To provide a detailed overview of the recent reforms in pharmaceutical pricing and reimbursement processes as well as in other important areas of the pharmaceutical policy in Greece.
Information was collected via a structured questionnaire. The study used publicly available resources, such as publications, relevant legislation, and statistical data, while health experts were also consulted.
Recent pharmaceutical reforms included significant price cuts, increased co-payments and some provisions for vulnerable groups, rebates/clawbacks, mandatory electronic prescribing and prescription by international nonproprietary name, generics substitution, prescription limits and detailed auditing, centralized procurement, as well as changes in the pricing and reimbursement processes, with the introduction of positive and negative lists and an internal price referencing system. Price lists are compiled by the National Organization for Medicines and are issued by the Ministry of Health (MoH). An advisory pricing committee comprising representatives of stakeholder groups was abolished in early 2018. Nevertheless, under the new provisions, a health technology assessment body for the economic evaluation of reimbursed drugs is to be established for the first time in Greece. The committee is to be staffed by experts appointed by a ministerial decision of the MoH. The specific features of the process are yet to be determined.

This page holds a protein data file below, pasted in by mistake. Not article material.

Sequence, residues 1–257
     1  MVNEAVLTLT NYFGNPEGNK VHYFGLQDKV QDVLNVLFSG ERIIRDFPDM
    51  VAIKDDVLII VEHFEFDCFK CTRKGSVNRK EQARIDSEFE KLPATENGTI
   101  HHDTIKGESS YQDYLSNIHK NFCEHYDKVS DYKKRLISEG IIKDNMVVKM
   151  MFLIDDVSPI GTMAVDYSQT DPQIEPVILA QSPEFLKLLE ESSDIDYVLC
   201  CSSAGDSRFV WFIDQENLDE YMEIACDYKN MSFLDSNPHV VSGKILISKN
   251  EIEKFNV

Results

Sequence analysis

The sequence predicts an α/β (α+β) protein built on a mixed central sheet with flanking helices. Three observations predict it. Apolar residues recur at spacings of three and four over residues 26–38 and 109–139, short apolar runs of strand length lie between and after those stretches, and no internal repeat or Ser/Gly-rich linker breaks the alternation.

The pricing and reimbursement decision-making processes are centralized under the competence of the MoH. Despite the good intentions of the reformers, there are still some aspects of transparency, equity, and long-term sustainability that remain under question in Greece.
John N. Yfantopoulos Athanasios Chantzaras